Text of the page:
Some say it’s global warming. Others say 2011 has seen so much weird weather, it’s global “weirding.”

The year began with massive snowstorms and incredibly cold weather. Then as spring came, wild weather pushed disaster after disaster across the American heartland.

Epic fires burned more than 2.5 million acres in tinder-dry Texas. Near record-breaking floods drove the Mississippi and other rivers far out of their banks. All of that was followed by the legion of deadly tornadoes, killing more people than in any year since 1950.

Environmental Payback?
“This has been totally devastating,” said Rich Serino, FEMA deputy administrator, surveying the damage left behind by the massive tornado that crushed much of Joplin, Mo.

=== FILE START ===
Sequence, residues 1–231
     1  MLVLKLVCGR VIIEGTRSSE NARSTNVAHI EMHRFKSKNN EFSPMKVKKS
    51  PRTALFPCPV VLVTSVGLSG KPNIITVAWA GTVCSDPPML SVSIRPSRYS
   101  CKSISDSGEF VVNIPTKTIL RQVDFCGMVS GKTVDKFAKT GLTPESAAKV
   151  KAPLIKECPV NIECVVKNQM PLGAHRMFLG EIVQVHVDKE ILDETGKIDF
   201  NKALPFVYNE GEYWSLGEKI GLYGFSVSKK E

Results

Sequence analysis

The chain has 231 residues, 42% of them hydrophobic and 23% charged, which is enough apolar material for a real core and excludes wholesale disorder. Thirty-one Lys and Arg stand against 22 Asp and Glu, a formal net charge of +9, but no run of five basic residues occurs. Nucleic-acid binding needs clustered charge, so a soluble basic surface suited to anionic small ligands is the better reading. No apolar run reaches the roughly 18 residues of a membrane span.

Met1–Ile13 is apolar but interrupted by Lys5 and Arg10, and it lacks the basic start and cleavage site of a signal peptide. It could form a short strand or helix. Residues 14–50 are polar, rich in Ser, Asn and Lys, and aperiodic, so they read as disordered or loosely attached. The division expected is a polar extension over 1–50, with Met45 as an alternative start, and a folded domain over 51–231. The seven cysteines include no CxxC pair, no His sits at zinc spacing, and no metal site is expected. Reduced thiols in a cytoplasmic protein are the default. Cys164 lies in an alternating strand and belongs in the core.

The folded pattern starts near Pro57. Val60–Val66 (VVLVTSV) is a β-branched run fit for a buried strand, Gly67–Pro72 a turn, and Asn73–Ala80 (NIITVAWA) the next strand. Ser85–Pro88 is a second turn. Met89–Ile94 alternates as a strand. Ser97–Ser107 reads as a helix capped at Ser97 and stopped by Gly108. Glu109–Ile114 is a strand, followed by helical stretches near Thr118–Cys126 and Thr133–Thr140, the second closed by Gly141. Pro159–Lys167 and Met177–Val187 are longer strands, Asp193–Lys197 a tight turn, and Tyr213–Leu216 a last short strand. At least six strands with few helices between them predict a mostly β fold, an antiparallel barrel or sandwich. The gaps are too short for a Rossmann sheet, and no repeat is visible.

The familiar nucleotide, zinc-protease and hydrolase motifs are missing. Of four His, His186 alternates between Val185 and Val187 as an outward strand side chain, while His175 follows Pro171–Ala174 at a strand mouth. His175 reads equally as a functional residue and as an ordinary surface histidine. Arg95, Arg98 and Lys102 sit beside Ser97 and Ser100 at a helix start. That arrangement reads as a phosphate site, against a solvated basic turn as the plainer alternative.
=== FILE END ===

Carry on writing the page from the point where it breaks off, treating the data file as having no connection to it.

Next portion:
“We look at each disaster on its own merit and this one is certainly among the worst that I’ve ever seen.”

Missourian Tony Evans opined: “We’ve been taking the earth for granted, you know. I guess it’s paying us back.”

Some say the earth is paying humanity back because they believe in global warming, something they say is partly brought on by humans.

“This year has really been the perfect year for tornadoes,” said Heidi Cullen, a climatologist and believer in global warming. “More extreme events like droughts, heat waves, wildfires—those are phenomenon that we very much expect to see more of as we move into a warmer world,” she told CBN News.

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